The Queen at the International Exhibition, Glasgow

’Twas in the year of 1888, and on August the 22nd day,
That Her Majesty arrived in Glasgow, dressed in mourning array;
And on Wednesday Glasgow put on her best holiday attire,
Which Her Majesty graciously seemed to admire

The decorations along the streets were magnificent to be seen;
And the people paid great prices to look upon their Queen;
And the decorations along the route from St. Enoch’s Station
To the Municipal Buildings, filled every eye with admiration.

And thence to the International Exhibition, all the way,
Each householder seemed to vie with his neighbour in decorations gay—
Such as flags, trophies, and festoons of cloth and flowers, mixed with green bay,
In fact there has seldom been such a grand display.

Red and yellow were the prevailing colours of the day,
But, here and there, was a mass of blue and white in grand array;
And Sauchiehall Street was the most beautiful in style,
And its appearance the spectators will remember for a very long while.

The royal train was timed to arrive at St. Enoch’s station
About four o’clock in the afternoon, which caused a great sensation,
Because the streets were almost impassable, with sightseers bustling about there,
All anxious to see Her Majesty enter the Municipal Buildings, I do declare.

At the Exhibition, in front of the main entrance, a porch was erected,
Also a dais in the grand hall, which Her Majesty highly respected;
And the woodwork was covered with gold and crimson cloth, the best in town,
And both porch and dais were surmounted with a crown.

And there were companies of military and volunteers moving here and there,
Which rendered the scene lively, and helped to drive away dull care;
And as for the reception of Her Majesty, the Magistrates didn’t fail,
Because everything was complete and satisfactory in every detail

And shortly military dignitaries began to arrive,
And the streets with sightseers seemed all alive,
All anxious to see Her Majesty as she alighted from the train,
And to get one glimpse of her every nerve they did strain.

The Royal Navy Artillery Volunteers were in front of the railway station,
To the number of over two hundred, who looked most splendid in their decoration,
And under the noble Marquis of Ailsa’s command;
Besides one hundred men of the Seaforth Highlanders, who looked robust and grand.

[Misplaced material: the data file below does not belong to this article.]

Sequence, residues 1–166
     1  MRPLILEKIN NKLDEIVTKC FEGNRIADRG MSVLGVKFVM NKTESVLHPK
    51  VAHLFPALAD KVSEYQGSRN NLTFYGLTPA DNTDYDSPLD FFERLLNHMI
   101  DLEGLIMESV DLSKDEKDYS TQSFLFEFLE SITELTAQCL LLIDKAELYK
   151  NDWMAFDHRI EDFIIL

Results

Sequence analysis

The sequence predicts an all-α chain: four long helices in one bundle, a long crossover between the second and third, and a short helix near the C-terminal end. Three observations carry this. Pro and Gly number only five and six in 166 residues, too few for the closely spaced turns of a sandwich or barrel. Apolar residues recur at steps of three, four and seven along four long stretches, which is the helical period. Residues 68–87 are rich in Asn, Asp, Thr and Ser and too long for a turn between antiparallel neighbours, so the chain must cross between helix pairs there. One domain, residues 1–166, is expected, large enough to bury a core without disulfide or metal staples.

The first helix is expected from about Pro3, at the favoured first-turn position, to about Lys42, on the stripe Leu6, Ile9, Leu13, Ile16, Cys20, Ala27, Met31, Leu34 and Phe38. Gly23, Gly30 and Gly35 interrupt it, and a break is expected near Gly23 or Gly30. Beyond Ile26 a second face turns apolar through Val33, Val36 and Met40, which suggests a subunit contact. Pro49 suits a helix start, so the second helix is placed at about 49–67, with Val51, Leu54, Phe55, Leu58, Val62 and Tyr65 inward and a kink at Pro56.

And the 15th Hussars were there also in readiness
To form Her Majesty’s escort, who looked beautiful in their dress;
Besides, the Lord Provost of Glasgow, Sir James King, was there,
Wearing his robes and massive gold chain, which made the people stare.

Besides Lady King, and Dr Marwick the town clerk, were there,
Also, Lord Hamilton of Dalzell, who seemed happy and free from care,
Besides the Marchioness of Lothian, and the Duchess of Buccleuch,
Mistress of the royal robes, to whom honour is due.

Besides there were Sheriff-Principal Berry, and Major-General Annesley,
Commander of the forces in Scotland, who waited the arrival of the train patiently;
And when the royal train steamed slowly into the station at half-past four,
Owing to its late arrival amongst the spectators there was quite a furore.

Then the Marquis of Lothian presented to Her Majesty
The Lord Provost and Lady King, and Sheriff-Principal Berry,
And Lord Hamilton, and Major-General Annesley;
Then Lady King handed the Queen and Princess Beatrice each a beautiful bouquet.

Then the royal party walked across the platform,
Which the railway officials with crimson did adorn,
To honour and welcome Her Majesty to beautiful Glasgow,
Which certainly was a magnificent show.

Her Majesty was accommodated in a landau, semi-dress,
And on her left sat Princess Beatrice, who looked charming I do confess;
Besides the Duke and Princess Alice of Hesse,
With her sweet smiling countenance which was most lovely to see.

Then Her Majesty and escort proceeded on their way to St. Enoch’s station,
All seemingly quite happy and in a state of admiration;
And the procession moved on to the Municipal Buildings, George Square,
While every available spot was crowded with spectators there.

There were thousands of crushing and pushing loyal subjects assembled there,
While the shouts and jeers of the sightseers did rend the air;
And much praise is due to the Corporation who had the arrangements in hand,
For erecting large platforms to accommodate the Lord Provost and Magistrates most grand.

The seats on the platform were draped in red baize,